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environmental awareness

This artificial intelligence is trying to save the Amazon

Amazonas en Llamas (Amazon in Flames) is an interactive environmental project designed for social networks whose main objective is to take advantage of new technological resources to raise awareness among young people around the world about the problem of climate change and the actions that can be taken in this regard.
Amazonas en Llamas (Amazon in Flames) is an interactive environmental project designed for social networks whose main objective is to take advantage of new technological resources to raise awareness among young people around the world about the problem of climate change and the actions that can be taken in this regard.

The 26th United Nations Conference on Climate Change took place between October 28 and November 12. The event was the scene of negotiations, treaties and agreements established between different countries aimed at reducing carbon dioxide emissions and slowing down the advance of global warming. In parallel, thousands of young people, territorial leaders and environmentalists met in Glasgow in order to articulate new strategies to demand active and urgent policies on the part of the States.

One of those people was Eyal Weintraub, who attended the event in order to spread the word Amazonas en Llamas, an interactive environmental project designed for social networks. 

– Don’t be scared, I’m in the year 2030. I came back because your life is in danger. Do not disconnect. 

The phrase, which seems to be taken from a Philip K. Dick novel, is the first message that the Amazonas en Llamas user receives when he begins to chat via WhatsApp , Messenger or Telegram with Jazmin Mendes, one of the three characters that are part of the story told in the project. Then, the user goes through different challenges – which include watching videos or listening to audio – while exchanging messages with a chatbot made from artificial intelligence.

The main objective of the project is to take advantage of new technological resources to educate young people around the world about the problem of climate change and the actions that can be taken in this regard.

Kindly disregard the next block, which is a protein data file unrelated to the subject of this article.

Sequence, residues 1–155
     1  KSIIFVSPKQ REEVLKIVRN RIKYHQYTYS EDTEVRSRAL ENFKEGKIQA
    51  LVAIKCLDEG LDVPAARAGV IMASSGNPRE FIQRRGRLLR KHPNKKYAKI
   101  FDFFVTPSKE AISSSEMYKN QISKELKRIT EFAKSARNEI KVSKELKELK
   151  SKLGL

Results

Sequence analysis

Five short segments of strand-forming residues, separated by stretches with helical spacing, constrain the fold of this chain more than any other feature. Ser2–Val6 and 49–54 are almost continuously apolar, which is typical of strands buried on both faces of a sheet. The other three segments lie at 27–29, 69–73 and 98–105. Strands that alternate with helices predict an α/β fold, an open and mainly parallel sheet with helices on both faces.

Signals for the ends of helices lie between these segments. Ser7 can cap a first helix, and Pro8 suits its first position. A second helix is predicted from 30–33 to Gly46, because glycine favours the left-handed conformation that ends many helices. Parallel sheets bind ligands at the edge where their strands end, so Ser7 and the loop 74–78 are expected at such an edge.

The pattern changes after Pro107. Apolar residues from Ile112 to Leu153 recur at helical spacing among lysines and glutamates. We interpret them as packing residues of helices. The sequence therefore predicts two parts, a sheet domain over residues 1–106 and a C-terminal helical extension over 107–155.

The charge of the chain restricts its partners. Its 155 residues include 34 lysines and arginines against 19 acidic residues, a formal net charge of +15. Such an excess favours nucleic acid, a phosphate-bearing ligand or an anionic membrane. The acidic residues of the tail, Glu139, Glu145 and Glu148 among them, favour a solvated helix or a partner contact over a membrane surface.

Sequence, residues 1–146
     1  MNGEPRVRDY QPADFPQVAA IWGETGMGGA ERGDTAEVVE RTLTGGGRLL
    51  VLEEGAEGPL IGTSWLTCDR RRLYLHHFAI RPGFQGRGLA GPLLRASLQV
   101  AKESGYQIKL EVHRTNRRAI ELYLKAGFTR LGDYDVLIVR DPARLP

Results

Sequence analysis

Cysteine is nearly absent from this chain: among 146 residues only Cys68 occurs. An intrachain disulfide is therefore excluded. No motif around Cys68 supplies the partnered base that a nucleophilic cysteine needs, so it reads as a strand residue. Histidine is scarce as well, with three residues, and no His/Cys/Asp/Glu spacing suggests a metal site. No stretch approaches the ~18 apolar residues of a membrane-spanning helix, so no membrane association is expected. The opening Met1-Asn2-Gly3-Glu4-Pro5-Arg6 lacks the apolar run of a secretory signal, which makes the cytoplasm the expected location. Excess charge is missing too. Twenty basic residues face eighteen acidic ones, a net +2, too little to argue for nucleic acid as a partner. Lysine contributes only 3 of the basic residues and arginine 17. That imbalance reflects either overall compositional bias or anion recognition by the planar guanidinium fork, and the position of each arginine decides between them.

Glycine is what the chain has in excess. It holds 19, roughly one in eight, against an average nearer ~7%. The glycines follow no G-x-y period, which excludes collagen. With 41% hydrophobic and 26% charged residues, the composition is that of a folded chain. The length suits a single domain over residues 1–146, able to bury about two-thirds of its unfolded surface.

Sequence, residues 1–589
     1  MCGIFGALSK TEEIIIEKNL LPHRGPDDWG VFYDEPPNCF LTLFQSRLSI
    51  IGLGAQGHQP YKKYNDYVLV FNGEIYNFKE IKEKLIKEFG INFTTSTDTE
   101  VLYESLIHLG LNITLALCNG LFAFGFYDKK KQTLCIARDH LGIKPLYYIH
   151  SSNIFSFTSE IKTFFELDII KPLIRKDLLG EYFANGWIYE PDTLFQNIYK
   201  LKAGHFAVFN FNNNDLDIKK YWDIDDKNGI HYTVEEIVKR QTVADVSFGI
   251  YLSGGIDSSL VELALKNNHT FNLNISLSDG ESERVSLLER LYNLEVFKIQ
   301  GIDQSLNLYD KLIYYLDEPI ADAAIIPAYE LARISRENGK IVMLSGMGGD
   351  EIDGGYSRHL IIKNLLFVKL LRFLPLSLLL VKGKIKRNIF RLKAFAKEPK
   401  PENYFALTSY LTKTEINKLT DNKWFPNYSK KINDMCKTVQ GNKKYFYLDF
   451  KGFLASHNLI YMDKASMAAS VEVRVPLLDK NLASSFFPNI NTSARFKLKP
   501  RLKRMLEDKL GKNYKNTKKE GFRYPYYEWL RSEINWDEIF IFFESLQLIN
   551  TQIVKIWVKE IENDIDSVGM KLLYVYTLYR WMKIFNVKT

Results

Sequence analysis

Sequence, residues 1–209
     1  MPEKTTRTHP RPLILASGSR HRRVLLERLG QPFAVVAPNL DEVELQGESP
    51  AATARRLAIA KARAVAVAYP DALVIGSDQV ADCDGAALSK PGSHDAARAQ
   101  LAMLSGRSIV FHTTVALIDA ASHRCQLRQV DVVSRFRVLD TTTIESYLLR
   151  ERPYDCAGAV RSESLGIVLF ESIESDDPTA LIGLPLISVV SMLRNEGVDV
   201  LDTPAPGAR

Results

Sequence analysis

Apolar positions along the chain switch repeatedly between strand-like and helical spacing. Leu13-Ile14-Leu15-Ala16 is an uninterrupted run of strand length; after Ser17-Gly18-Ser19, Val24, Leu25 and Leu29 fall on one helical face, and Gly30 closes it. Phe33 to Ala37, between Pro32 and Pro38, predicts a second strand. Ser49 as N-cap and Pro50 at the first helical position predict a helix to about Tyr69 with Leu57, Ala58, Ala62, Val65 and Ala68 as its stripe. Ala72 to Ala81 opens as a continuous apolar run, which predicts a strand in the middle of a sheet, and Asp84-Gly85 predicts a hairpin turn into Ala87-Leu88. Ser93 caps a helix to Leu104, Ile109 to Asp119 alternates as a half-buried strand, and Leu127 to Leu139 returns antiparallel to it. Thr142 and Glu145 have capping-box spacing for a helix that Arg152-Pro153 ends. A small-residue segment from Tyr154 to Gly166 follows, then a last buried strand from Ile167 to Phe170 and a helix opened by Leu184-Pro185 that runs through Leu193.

Amazonas en Llamas arose from a storytelling grant awarded by National Geographic to the Argentine company Talk2U. In the development of the project, biologists, anthropologists, jurists, geoengineers and representatives of the original communities of the Amazon participated. In addition, a network of thousands of young talkers contributed to the development of the story, the creation of the script, and the testing of the technology.

On this point, Eyal Weintraub explained: “To solve the climate crisis, the action of activists, politicians, scientists and indigenous peoples is required. Working with people belonging to different disciplines allowed for a greater plurality of voices and, in this way, to appeal to a wider audience ”.

Nicolás Ferrario, scriptwriter and one of the founders of the project, commented that one of the advantages of developing a project for social networks is that a large part of the population already has one of them installed on their cell phone. In addition, he added that being a private tool, each user can create their own experience: “It is a space where no one feels ashamed for not knowing something that many would take for granted. It is also interesting to think about what happens to those people who do not believe that global warming exists. It must be much more difficult to position oneself against it in a classroom or in a group of friends where the fear of being judged is very present ”.